Kotabe 2001), and of such importance that it provides the organising framework for "almost all
marketing textbooks and courses" (Shapiro, Dolan, and Quelch 1985 p.7). Although scholars
have argued the framework is increasingly irrelevant to marketing management practice (e.g.,
Grönroos 2004; Gummesson 1999), and that it is conceptually flawed (e.g., Day and
Montgomery 1999; Dobscha and Foxman 1998), Hyman (2002) observes that marketers (e.g.,
Anderson and Taylor 1995; Vignali and Davies 1994; Yudelson 1999) continue to use and
defend it, as it represents the broad decision-making domains faced by marketing managers.
While the 4Ps framework may have been suitable for the conditions of post-Second World War
expansion in the US, its relevance is questionable for today's marketplace. Brownlie and Saren
(1992) argue that consumers' and society's requirements of business are now broader than
purely economic criteria, with production and procurement functions now expected to tackle
major sustainability challenges. Indeed, supply chains have become more important as
consumers scrutinise firms' overall marketplace practices, beyond products, prices, promotions,
and place. More than a decade later, Dev and Schultz (2005) have suggested senior
management should redefine what marketers can do to make the field more relevant and better
adapted to today's market realities.
A move in this direction is reflected in the American Marketing Association’s recent
redefinition of marketing: “Marketing is the activity, set of institutions, and processes for
creating, communicating, delivering, and exchanging offerings that have value for customers,
clients, partners, and society at large” (AMA 2008). Such a move, we believe, also requires a
more fundamental critical review of the 4Ps framework.
Coming to terms with the issues of globalisation and the social responsibility of corporations,
including sustainability, 'product' may still sufficiently interpret attributes of design and
construction, and functional benefits, but it is insufficient to describe the supply-chain,
manufacturing, and post-consumption disposal issues stakeholders are increasingly interested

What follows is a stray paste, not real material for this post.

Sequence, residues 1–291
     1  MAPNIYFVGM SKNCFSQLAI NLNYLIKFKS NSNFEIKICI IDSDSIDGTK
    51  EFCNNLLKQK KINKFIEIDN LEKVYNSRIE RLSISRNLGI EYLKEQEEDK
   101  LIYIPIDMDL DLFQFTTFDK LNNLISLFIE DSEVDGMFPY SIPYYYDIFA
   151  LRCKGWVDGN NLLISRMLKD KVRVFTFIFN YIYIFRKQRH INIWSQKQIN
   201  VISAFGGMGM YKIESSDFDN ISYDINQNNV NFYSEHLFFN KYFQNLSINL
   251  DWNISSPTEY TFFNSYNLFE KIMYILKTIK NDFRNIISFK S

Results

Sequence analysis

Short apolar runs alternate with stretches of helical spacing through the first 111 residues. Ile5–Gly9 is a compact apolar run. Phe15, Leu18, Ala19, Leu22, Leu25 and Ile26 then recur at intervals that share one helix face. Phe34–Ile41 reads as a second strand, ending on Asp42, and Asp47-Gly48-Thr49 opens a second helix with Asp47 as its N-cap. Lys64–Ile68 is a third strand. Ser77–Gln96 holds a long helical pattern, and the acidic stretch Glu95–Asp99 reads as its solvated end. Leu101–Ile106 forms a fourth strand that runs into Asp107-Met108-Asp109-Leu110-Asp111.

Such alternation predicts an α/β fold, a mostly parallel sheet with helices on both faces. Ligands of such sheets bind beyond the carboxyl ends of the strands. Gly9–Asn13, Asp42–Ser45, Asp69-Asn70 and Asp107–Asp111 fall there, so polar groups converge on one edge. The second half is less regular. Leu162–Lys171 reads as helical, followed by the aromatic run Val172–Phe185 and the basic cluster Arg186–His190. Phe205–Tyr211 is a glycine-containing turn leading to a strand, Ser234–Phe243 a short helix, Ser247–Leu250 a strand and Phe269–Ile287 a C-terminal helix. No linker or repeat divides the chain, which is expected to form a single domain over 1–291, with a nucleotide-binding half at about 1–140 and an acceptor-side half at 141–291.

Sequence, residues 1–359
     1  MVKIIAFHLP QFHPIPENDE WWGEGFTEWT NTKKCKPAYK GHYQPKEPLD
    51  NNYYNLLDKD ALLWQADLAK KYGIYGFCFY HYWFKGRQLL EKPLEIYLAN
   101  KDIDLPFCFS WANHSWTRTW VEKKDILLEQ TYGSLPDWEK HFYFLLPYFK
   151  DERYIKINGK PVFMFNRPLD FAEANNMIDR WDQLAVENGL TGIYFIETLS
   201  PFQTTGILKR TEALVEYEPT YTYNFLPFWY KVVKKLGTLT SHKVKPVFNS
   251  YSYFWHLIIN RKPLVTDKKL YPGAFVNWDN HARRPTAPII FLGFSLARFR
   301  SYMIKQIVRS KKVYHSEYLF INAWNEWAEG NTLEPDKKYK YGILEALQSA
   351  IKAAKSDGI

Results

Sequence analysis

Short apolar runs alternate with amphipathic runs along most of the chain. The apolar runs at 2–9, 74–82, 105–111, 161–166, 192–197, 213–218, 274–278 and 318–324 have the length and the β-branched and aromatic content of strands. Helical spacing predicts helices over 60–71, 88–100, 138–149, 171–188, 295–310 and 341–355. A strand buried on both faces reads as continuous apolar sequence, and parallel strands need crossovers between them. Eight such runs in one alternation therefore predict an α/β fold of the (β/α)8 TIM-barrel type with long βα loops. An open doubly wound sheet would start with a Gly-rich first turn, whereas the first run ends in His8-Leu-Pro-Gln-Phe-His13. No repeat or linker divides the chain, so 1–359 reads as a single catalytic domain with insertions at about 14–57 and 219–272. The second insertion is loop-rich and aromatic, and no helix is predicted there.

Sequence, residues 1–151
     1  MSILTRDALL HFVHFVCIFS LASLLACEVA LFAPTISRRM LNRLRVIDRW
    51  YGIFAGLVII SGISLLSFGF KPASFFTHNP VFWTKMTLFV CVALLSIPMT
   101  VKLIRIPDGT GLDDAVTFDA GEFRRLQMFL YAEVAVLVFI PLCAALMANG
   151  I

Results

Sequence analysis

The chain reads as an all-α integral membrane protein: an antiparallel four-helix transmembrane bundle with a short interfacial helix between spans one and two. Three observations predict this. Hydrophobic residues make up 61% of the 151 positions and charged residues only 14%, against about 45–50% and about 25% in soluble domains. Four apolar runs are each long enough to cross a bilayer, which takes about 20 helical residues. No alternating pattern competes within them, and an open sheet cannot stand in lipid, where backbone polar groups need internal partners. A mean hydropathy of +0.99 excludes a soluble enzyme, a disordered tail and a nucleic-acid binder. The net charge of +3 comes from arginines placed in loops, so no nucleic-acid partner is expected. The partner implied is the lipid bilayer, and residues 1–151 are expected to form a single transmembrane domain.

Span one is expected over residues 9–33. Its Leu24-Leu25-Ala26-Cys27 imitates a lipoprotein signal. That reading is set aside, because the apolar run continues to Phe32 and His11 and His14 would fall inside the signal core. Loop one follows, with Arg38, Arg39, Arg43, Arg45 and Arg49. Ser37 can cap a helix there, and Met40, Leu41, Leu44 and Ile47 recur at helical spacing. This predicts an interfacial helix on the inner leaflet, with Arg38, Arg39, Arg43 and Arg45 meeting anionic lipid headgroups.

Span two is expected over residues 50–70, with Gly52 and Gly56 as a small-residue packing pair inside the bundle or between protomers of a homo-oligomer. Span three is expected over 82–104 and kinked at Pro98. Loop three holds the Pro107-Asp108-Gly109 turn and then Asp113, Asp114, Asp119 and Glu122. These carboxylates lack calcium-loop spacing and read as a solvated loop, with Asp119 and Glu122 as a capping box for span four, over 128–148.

in. Just as marketing scholars and managers have traditionally conceived product in functional
terms, so have price, promotion, and place also been conceived. Price, for example, rarely
includes the total cost of the negative externalities of the production process. These negative
externalities are increasingly important in the quest for sustainable development.
Criticism of the Current 4Ps Framework
The 4P mantra, intoned by generations of marketing students, ignores the primacy of customers,
prospects, and even markets (Dev and Schultz 2005). Brownlie and Saren (1992 p. 34) argue
the framework's primacy in marketing scholarship was achieved "on the wave of the fiery
polemics of disciples such as Levitt and Kotler, to the point where it now assumes many of the
characteristics of a normative ideology, or an article of faith, rather than a concept”. Brownlie
and Saren (p. 38) question whether the framework as it has been propagated can provide a basis
for successful business given it was "an idea born in the conditions of post-Second World War
expansion in the USA". The future, they contend (p. 39), will be about focusing on more
environmental and social issues: "Techniques for control over resources and supplies may
become far more pressing than those for market control, and attention to the natural
environment and resource conservation is likely to alter the nature of consumption and relative
status of the consumer".
Companies such as The Body Shop have successfully positioned themselves as concerned with
a wider array of issues than the 4Ps. Others, such as Shell and BP, are attempting to emulate
this pro-social stance. Marketplace polls report the public wants business to play a broader role
in society than driving shareholder wealth, want to hear how business is doing this, and will
reward more socially responsible organisations for doing so (e.g. Environics 1999). A future
challenge for marketers and marketing educators will be how to meet this market-driven
preference. We acknowledge that recent marketing texts (e.g., Kotler et al. 2007) are
incorporating discussion of responsible marketing to deal with increasingly important
environmental and social issues, however, this perspective is typically treated as separate to the
notion of the controllable marketing mix framework, where we argue it more appropriately
Extant Alternative Frameworks
It has been suggested that attempts to modify the 4Ps framework are misguided (e.g., Anderson
and Taylor 1995); weight of evidence (Hyman 2002), however, argues that the current
framework is an anachronism. Grönroos (2006 p. 395) observes "During the last 25 years
marketing as a phenomenon has changed". Various alternatives to the 4Ps have been proposed.
Hyman (2002 p. 927) suggests replacing the 4Ps with an appropriately alliterative mnemonic